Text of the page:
Post by Hildegard on Mar 30, 2020 15:25:01 GMT
Time is a Treasure
St. Alphonsus on the Value of Time
Selections from The Way of Salvation and of Perfection, pp. 53-55;
and from Preparation for Death, pp. 122.125.
If God calls you today to do good, do it; for tomorrow it my happen that for you time will be no more, or that God will call you no more. Selections from two of the saint's meditations on the value of time:
Time is a treasure of inestimable value, because in every moment of time we may gain an increase of grace and eternal glory. In hell the lost souls are tormented with the thought, and bitterly lament, that now there is no more time for them in which to rescue themselves by repentance from eternal misery. What would they give but for one hour of time to save themselves by an act of true sorrow from destruction! In heaven there is no grief, but if the blessed could grieve, they would do so for having lost so much time during life, in which they might have acquired greater glory, and because time is now no longer theirs.
A deceased Benedictine nun appeared in glory to a certain person, and said that she was perfectly happy, but that if she could desire anything, it would be to return to life, and to suffer pains and privations in order to merit an increase of glory. She added, that, for the glory which corresponds to a single Ave Maria, she would be content to endure till the day of judgment the painful illness which caused her death.
Time is a treasure which is found only in this life; it is not found in the next, either in hell or in heaven. The very pagans knew the value of time. Seneca said that no price is an equivalent for it. But the saints have understood its value still better. According to St. Bernadine of Siena, a moment of time is of as much value as God; because in each moment a man can, by acts of contrition or of love, acquire the grace of God and eternal glory.
I give thee thanks O God for giving me time to bewail my sins! And to make amends by my love for the offenses I have committed against thee.
Nothing is so precious as time; and yet how comes it that nothing is so little valued? Men will spend hours in jesting, or standing at a window or in the middle of the road, to see what passes; and if you ask them what they are doing, they will tell you they are passing away the time. O time, now so much despised! Thou will be of all things else the most valued by such persons when death shall have surprised them. What will they then be willing to give for one hour of so much lost time. But time will remain no longer for them when it is said to each of them, “Go forth, Christian soul, out of this world.”
My brother, how do you spend your time? Why do you always defer till tomorrow what you can do today? Remember that the time which is past is no longer yours; the future is not under your control; you have only the present for the performance of good works. “Why, O miserable man,” says St. Bernard, “do you presume on the future, as if the Father had placed time in your power?” St. Augustine asks: “How can you, who are not sure of an hour, promise yourself tomorrow?” “If then,” says St. Teresa, “you are not prepared for death today, tremble lest you die an unhappy death.”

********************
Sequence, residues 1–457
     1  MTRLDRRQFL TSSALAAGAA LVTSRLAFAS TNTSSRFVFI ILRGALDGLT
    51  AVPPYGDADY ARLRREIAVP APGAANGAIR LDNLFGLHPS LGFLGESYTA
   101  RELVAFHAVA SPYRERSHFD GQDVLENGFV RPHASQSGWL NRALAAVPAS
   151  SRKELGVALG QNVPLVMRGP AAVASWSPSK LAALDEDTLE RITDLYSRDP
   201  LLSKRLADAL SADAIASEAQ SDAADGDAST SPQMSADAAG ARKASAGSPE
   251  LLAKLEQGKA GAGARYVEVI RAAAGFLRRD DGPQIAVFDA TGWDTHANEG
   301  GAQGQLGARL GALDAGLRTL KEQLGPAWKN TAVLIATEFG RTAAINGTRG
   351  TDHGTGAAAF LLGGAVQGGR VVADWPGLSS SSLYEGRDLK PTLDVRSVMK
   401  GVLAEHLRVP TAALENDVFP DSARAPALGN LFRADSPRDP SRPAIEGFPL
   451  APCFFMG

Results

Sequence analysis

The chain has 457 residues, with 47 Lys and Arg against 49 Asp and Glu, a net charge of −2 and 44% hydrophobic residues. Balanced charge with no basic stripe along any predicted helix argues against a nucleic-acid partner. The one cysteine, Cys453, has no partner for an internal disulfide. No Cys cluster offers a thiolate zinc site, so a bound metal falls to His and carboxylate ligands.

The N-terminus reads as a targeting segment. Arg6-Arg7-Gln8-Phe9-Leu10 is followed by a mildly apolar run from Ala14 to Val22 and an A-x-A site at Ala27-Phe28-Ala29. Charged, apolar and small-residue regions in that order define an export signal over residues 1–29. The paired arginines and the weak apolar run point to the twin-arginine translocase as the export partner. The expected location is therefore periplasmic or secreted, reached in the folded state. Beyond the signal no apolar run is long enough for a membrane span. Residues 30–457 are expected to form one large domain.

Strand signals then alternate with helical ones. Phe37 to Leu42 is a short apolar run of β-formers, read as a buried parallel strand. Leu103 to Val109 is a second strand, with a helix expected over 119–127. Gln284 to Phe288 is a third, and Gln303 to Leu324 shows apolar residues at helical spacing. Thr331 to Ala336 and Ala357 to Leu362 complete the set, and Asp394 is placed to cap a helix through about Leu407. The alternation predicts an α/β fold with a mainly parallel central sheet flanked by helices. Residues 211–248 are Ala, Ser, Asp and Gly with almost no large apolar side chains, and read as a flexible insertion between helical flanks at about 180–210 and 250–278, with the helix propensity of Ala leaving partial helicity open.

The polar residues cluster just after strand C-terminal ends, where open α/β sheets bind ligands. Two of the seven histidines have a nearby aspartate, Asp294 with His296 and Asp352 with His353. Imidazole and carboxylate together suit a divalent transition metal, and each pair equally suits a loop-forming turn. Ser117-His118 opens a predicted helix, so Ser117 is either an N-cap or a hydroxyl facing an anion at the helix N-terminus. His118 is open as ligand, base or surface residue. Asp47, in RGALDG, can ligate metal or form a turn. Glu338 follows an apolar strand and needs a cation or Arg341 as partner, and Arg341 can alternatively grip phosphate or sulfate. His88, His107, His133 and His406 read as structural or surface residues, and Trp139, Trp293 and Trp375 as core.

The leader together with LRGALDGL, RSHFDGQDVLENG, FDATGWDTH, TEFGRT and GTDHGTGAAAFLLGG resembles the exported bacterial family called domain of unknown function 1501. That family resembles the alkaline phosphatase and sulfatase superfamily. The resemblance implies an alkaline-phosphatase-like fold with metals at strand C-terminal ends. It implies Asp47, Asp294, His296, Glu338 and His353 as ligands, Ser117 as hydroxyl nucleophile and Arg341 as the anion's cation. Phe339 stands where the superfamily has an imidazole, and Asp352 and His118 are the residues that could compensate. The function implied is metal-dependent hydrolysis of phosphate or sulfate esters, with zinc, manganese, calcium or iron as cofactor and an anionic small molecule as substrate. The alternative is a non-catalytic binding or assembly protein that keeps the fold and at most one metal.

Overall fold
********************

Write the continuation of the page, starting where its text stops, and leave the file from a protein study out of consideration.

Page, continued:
Walk whilst you have the light [John 12: 35]. The time of death is the time of night when nothing can any longer be seen, nor anything be accomplished. The night cometh in which no man can work [John 9:4]. Hence the holy spirit admonishes us to walk in the way of the Lord, whilst we have the light and the day before us. Can we reflect that the time is near approaching in which the cause of our eternal salvation is to be decided, and still squander away time? Let us not delay, but immediately put our accounts in order, because when we least think of it, Jesus Christ will come to judge us. At what hour ye think not, the Son of man will come [Luke 12:40].
On the day of judgment, Jesus Christ will demand an account of every idle word. All the time that is not spent for God is lost time. “Believe,” says St. Bernard, “that you have lost all the time in which you have not thought of God.” Hence, the Holy Ghost says, “Whatsoever thy hand is able to do, do it earnestly, for neither work nor reason shall be in hell, whither thou art hastening” [Eccles. 9:10]. The Venerable Sister Jane of the Most Holy Trinity, of the Order of St. Teresa, used to say that, in the lives of the saints, there is no tomorrow. Tomorrow is found in the lives of sinners, who always say: hereafter, hereafter; and in this state they continue till death. Behold, now is the acceptable time [2 Cor. 6:2]. If today you should hear His voice, harden not your hearts [Ps. 4:8]. If God calls you today to do good, do it; for tomorrow it my happen that for you time will be no more, or that God will call you no more.
Hasten then, my Jesus, hasten to pardon me. And shall I delay? Shall I delay until I am cast into that eternal prison, where with the rest of the condemned souls, I must forever lament, saying “The summer is past, and we are not saved [Jer. 8:20]. No my Lord, I will no longer resist thy loving invitations. I desire never more to offend thee, but to forever love thee. I ask two graces: give me perseverance in Thy grace, give my Thy love; and then do with me what Thou pleasest. O Mary refuge of sinners, in thee do I place my confidence. Most Holy Mary my mother, obtain for me the grace always to recommend myself to God, and to ask him for perseverance and for his holy love.